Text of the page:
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senorjosh.comSeptember 2003: → Mon. 09/15
more posts in this category: quotes
09.10.03:    |    September 2003    |    09.19.03:
«chã das caldeiras resources »
"Whenever you read a good book, it's like the author is right there, in the room, talking to you, which is why I don't like to read good books."

i've started dogearing the books i read, and writing down my favorite lines. these are some of the bits i liked most...
poisonwood bible
September 15, 2003
Consider, even, an Africa unconquered altogether. Imagine those first Portuguese adventurers approaching the sore, spying the jungle’s edge through their fitted brass lenses. Imagine that by some miracle of dread or reverence they lowered their spyglasses, turned, set their riggings, sailed on. (7-8)

Man alive, I am all steamed up with no place to go. When Tat Ndu comes to our house, jeez oh man. I can even stand to look at him looking at me. I revert my eyes. Sometimes I do unladylike things like scratch myself and pretend I’m retarded. (268)

Strange to say, if you do not stamp yourself with the words exhilarated or terrified, those two things feel exactly the same in a body. Creeping past our parents’ bedroom and out the door, our bodies felt as they did on Christmas Past and all the Easter mornings of the world, when Christ is risen and our mother has hidden a tribe of sugared marshmallow bunnies in the startled grass of Bethlehem, Georgia. (361)

Until that moment I’d always believed I could still go home and pretend the Congo never happened. The misery, the hunt, the ants, the embarrassments of all we saw and endured – those were just stories I would tell someday with a laugh and a toss of my hair, when Africa was faraway and make-believe like the people in history books. The tragedies that happened to Africans were not mine. We were different, not just because we were white and had our vaccinations, but because we were simply a much, much luckier kind of person. I would get back home to Bethlehem, Georgia, and be exactly the same Rachel as before. I’d grow up to be a carefree American wife, with nice things and a sensible way of life and three grown sisters to share my ideals and talk to on the phone from time to time. This is what I believed. I’d never planned on being someone different. Never imagined I would be a girl they’d duck their eyes from and whisper about as tragic, for having suffered such a loss. (367)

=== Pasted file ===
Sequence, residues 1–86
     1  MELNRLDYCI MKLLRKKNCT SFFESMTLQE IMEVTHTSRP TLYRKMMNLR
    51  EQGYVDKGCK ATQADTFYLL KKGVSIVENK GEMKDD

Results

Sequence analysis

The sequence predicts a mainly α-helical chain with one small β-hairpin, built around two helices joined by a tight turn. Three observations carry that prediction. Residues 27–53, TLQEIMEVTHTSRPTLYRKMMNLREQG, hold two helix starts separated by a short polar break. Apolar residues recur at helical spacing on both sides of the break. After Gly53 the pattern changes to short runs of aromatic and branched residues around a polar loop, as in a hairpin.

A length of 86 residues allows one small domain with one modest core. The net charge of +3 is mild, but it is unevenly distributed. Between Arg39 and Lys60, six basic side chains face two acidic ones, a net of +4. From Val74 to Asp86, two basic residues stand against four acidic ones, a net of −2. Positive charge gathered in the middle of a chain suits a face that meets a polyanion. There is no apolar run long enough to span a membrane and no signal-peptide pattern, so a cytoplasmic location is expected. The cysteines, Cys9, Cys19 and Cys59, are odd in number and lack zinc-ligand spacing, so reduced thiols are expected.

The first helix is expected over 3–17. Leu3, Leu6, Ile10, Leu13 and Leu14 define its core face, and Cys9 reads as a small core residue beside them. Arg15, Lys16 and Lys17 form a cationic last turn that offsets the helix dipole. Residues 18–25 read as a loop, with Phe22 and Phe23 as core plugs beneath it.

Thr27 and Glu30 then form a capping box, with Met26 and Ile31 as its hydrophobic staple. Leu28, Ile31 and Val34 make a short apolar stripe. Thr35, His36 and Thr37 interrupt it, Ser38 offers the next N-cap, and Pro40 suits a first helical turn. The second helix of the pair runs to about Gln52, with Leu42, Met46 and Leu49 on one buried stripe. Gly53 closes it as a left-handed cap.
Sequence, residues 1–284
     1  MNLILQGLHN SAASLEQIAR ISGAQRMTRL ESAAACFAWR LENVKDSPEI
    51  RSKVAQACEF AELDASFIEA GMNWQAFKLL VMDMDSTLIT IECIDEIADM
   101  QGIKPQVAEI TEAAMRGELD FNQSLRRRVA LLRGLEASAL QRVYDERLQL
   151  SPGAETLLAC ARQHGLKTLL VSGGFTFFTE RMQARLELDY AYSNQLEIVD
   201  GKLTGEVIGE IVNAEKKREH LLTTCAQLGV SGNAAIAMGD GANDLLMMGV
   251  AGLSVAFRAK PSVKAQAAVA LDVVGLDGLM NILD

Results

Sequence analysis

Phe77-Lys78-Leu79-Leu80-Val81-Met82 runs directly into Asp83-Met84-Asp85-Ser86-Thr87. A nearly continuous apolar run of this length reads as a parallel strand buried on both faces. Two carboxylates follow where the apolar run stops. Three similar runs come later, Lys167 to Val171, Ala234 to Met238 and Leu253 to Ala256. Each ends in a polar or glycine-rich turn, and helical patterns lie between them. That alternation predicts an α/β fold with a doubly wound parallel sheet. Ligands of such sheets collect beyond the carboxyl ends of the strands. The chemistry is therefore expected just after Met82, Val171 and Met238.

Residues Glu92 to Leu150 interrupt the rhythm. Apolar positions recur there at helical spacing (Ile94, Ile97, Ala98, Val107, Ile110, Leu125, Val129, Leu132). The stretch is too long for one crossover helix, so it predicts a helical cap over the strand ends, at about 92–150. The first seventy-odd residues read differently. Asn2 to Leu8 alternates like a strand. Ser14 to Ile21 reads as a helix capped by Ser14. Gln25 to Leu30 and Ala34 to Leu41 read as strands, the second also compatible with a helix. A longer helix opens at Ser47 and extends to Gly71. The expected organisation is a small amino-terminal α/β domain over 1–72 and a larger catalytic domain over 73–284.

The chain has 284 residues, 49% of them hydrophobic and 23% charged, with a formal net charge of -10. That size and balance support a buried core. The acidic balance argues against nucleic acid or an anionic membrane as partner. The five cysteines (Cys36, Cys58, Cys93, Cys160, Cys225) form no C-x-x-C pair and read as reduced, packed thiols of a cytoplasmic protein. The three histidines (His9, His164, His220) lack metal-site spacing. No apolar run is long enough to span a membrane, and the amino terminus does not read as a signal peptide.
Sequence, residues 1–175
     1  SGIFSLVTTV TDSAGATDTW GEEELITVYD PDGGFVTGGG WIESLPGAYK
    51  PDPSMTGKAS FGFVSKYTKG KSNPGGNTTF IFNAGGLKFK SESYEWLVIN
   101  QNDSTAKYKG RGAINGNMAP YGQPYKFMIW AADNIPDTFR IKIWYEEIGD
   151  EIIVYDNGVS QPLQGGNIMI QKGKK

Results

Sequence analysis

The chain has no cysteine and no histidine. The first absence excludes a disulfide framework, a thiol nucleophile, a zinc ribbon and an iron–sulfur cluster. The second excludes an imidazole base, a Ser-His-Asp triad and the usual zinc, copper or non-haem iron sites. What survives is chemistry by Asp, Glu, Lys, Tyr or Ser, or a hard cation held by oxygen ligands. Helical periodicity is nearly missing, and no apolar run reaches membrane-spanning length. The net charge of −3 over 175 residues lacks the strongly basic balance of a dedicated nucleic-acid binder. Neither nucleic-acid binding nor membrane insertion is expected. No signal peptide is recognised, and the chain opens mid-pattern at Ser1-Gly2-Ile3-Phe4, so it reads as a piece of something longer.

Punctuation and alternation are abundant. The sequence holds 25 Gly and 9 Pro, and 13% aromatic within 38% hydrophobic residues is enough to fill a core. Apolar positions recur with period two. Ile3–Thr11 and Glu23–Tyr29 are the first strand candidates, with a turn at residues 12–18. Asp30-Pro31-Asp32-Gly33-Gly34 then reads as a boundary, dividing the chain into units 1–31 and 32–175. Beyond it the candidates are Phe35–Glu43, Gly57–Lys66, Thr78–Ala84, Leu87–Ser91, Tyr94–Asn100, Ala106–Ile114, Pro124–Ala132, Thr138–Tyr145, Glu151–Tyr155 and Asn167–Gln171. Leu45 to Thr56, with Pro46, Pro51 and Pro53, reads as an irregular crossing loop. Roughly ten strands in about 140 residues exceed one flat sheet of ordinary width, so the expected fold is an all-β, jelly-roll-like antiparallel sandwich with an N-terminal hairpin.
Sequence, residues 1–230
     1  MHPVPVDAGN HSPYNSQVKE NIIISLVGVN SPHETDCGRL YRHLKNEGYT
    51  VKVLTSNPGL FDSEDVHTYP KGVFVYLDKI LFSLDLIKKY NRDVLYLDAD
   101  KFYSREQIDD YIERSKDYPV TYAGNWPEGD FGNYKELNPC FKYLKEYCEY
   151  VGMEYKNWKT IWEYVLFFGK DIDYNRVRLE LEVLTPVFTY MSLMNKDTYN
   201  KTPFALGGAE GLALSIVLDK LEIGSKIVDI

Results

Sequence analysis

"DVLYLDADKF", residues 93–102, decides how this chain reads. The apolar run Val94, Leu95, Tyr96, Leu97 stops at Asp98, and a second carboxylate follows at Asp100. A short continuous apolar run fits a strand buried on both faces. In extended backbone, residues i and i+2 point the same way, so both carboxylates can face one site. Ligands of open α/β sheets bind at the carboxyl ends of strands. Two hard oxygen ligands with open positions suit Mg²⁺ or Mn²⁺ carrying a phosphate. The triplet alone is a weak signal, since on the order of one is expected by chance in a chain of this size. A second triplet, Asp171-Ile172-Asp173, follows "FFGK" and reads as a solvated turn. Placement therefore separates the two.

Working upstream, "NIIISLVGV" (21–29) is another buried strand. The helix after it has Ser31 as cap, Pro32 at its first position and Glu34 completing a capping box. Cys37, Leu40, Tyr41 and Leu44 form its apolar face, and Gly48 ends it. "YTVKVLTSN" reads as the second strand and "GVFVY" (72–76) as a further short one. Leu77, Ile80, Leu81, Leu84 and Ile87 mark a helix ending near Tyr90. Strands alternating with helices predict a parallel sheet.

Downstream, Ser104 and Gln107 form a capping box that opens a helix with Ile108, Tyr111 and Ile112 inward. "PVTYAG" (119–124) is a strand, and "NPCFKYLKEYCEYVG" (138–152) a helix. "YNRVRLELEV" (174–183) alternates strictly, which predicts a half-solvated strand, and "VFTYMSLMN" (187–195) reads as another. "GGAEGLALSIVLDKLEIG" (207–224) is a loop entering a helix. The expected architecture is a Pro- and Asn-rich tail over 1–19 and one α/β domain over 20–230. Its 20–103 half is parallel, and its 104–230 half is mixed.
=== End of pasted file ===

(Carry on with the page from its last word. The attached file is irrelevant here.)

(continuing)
Our union has been difficult for both of us in the long run, but what union isn’t? Marriage is one long fit of compromise, deep and wide. There is always one agenda swallowing another, a squeaky wheel crying out. But hasn’t our life together meant more to the world than either of us could have meant alone? (473)

Posted by senorjosh at September 15, 2003 12:06 PM | TrackBack
Comments

do u have more

Posted by: kevin at December 14, 2003 06:25 PM

sorry kevin, i gave the book away...

Posted by: josh at December 15, 2003 03:05 PM

doy you have the adah ADA quote

Posted by: anonomous at January 8, 2004 10:22 PM
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